HUB once again revised the Croatian GDP growth rate upward from July’s estimate of 5.3%.
The national economy is expected to grow at a rate of 9.5% this year, with economists’ projections ranging between 9.2% and 9.7%, HUB said in its latest outlook.
“That isn’t surprising considering the developments and data released since July. Croatia is firmly positioned in the group of Central and Eastern European countries which are mostly surpassing the pre-pandemic level of economic activity,” the report says.
Bankers’ optimism isn’t waning for 2022 either with the average expected growth rate forecast at 4.6%, with very little divergence in estimates – from 4.4% to 4.8%.
Increased inflation to “eat up” a great deal of wage growth
The analysts expect that the accelerated economic growth will spill over to the labour market through lower unemployment rates and increased wages. They expect wages to increase by 3.7%, which is a faster rate than the 2.9% inflation rate estimated for next year.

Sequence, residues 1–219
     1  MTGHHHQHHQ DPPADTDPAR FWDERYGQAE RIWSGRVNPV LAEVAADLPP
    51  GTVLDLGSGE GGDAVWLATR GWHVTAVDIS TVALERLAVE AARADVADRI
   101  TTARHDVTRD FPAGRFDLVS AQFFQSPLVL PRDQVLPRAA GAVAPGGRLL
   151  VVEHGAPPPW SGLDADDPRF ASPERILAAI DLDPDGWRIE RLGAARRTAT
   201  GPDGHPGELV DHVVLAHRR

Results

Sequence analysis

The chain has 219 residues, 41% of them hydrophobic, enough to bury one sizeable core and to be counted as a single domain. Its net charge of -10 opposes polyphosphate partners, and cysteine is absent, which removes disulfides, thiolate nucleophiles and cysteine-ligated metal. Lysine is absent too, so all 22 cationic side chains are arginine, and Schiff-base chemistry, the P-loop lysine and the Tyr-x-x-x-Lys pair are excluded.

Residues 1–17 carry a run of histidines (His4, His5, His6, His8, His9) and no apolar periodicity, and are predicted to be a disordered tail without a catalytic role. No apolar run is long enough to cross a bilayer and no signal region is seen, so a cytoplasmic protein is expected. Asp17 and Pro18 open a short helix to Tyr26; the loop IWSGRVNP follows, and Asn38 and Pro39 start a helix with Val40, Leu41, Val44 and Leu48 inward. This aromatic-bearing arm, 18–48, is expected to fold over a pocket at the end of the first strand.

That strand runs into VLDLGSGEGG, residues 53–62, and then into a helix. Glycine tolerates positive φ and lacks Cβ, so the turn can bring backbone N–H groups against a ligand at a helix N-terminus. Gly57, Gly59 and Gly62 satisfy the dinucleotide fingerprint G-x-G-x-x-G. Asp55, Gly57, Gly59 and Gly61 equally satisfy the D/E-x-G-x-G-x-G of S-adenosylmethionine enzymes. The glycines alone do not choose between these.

The difference between the two rates is less than in previous years. “In other words, increased inflation will ‘eat up’ a great deal of the expected growth in nominal wages,” HUB said.
The two main drivers of economic growth will be exports and investments. After a spectacular increase in exports this year, this trend is expected to continue at a high rate of 12% in 2022 while investments are expected to accelerate from 9.2% in 2021 to 11% in 2022.
NPOO to stimulate investment
Given that the corporate sector is still fairly passive with regard to investment, the main stimulus to investment in the short term should come from state investments, depending on how quickly funds from the National Recovery and Resilience Plan (NPOO) are activated.
Croatia to catch up with ECB monetary expansion
HUB said that the general government balance to GDP ratio is decreasing roughly in accordance with government projections by 4.5% in 2021 and by 2.9% in 2022, and that gross public debt should decrease from 87.3% in 2020 to 82.9% in 2021 and 79.7% in 2022.
With regard to Croatia’s aspirations to join the euro area in 2023, the analysts believe that the European Central Bank’s quantitative easing policy will continue long enough for Croatia to catch, in terms of the impact of euro area monetary policies on demand for Croatian government bonds.
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